The following week, The Press ran a story headlined: ‘Christchurch mayoral hopefuls promise not to sell ratepayer-owned companies.” In the story, Mauger said: “You can take it from me that under my watch as mayor, I will not be selling any of these assets.”
Last December, only two months after being elected mayor, Mauger and nine city councillors voted in favour of developing detailed business cases for potentially selling down assets.
No wonder the public are critical of elected reps who say one thing to get elected and behaving with complete disregard toward their speeches they gave to get themselves into office. However, Phil Mauger has continued behaving like this on a vast array of issues.
Earlier this year a small group of former CCHL members spoke with Councillors about the history of CCHL. One was a key architect of CCHL and its structure, David Stock. Another was Bruce Irvine who chaired CCHL for 15 years. The third member of the group was me, a Board member for 12 years and one who had to fight off efforts by the Business Roundtable to purchase our assets for their members.
We gave our comments and whilst councillors were still asking questions, we were shepherded out of the meeting by Leah Scales. I am informed that those present were then told that we represented the past…..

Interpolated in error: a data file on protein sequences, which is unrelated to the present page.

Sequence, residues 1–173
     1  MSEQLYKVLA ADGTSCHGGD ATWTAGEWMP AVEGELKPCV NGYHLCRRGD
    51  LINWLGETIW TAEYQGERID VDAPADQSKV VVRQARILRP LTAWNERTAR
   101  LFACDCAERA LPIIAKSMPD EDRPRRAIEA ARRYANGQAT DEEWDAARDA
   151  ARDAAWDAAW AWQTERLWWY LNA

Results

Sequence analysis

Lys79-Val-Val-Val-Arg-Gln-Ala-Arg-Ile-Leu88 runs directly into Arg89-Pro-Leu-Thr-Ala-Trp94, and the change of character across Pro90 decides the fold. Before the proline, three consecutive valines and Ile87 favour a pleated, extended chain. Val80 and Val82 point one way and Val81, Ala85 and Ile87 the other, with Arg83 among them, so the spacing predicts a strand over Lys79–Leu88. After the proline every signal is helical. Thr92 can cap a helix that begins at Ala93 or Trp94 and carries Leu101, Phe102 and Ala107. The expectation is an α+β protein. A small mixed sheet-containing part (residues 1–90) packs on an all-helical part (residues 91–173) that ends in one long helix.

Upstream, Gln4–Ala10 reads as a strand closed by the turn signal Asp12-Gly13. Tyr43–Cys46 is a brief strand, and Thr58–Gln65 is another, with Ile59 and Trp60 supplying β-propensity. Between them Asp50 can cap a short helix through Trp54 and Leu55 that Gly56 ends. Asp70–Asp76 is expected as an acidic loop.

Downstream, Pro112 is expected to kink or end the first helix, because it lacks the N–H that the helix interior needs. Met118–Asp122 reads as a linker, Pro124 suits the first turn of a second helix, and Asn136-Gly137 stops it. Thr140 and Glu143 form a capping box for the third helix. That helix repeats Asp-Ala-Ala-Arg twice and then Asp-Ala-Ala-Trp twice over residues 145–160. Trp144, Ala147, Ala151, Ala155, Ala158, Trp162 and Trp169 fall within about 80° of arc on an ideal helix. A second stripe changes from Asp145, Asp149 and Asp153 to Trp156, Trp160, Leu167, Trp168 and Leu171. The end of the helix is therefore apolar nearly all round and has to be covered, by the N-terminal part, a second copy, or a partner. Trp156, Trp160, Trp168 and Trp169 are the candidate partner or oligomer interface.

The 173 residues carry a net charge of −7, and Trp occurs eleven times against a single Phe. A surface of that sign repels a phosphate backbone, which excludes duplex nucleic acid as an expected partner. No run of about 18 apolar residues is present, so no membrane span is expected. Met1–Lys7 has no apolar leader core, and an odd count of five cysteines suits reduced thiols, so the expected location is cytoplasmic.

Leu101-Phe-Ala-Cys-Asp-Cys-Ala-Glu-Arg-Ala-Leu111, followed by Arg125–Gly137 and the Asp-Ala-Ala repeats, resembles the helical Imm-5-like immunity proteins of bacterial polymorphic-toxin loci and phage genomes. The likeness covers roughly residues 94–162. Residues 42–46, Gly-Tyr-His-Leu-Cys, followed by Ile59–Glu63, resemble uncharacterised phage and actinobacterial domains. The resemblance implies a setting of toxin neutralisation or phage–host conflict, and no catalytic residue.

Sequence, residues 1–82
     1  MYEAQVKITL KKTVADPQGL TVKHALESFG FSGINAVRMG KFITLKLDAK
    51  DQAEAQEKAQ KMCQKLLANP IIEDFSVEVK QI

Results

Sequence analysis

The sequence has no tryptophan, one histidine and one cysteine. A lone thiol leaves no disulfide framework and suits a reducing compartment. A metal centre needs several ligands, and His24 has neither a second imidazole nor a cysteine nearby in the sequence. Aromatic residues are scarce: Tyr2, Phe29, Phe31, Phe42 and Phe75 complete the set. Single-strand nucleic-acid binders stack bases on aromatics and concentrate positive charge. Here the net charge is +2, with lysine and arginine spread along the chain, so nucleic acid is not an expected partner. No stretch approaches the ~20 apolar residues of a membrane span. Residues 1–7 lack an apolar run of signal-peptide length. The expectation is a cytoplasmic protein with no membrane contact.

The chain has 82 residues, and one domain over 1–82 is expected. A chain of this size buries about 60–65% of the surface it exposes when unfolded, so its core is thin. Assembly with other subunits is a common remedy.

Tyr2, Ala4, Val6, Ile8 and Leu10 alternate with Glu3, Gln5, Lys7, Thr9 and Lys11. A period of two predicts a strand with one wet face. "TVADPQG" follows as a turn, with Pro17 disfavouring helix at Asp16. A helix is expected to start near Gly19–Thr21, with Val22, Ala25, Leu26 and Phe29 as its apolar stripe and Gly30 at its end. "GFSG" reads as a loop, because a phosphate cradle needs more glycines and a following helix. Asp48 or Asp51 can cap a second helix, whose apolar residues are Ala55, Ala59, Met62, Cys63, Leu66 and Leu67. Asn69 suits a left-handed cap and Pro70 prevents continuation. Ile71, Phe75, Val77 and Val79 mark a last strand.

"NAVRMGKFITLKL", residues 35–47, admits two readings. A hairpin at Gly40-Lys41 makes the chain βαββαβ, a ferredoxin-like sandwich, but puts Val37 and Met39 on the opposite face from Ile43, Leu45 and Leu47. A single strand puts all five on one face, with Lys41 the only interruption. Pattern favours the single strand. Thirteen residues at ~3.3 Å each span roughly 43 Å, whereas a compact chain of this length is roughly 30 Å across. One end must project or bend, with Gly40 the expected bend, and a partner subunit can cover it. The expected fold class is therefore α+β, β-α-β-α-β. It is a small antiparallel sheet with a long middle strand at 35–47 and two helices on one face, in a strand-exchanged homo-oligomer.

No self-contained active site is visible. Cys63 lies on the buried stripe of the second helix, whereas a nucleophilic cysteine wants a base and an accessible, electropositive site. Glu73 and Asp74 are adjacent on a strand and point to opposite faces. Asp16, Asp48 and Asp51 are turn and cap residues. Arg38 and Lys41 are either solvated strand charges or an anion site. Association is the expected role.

The councillors were then given a briefing by Northington and Partners who had been brought in to “review” CCHL. It appears that part of their task was to lead CCC elected reps up the sell assets path. Over the year Northington’s have cost CCC and CCHL at least $500,000. The first bill was authorised by Dawn Baxendale under her “delegated authority”.
Northington’s have been around the Council again recently. I have asked for the reason for this and haven’t had a reply.
During the year CCHL has spent what must have spent well over $1m on advisors. This is merely my guess. I have asked under LOGIMA for how much it has cost, and this information was declined. Every dollar wasted adds to our personal rates bill.
The councillors have agreed to appoint 4 new directors to the CCHL board. All of them from outside Christchurch. In the past most of the directors of CCHL companies resided in Christchurch. Don’t we have the skill base to appoint locals? None of these directors will have any idea why the city council kept these assets in the first place. They will have no understanding of Christchurch and its history. This criticism also applies to Dawn Baxendale.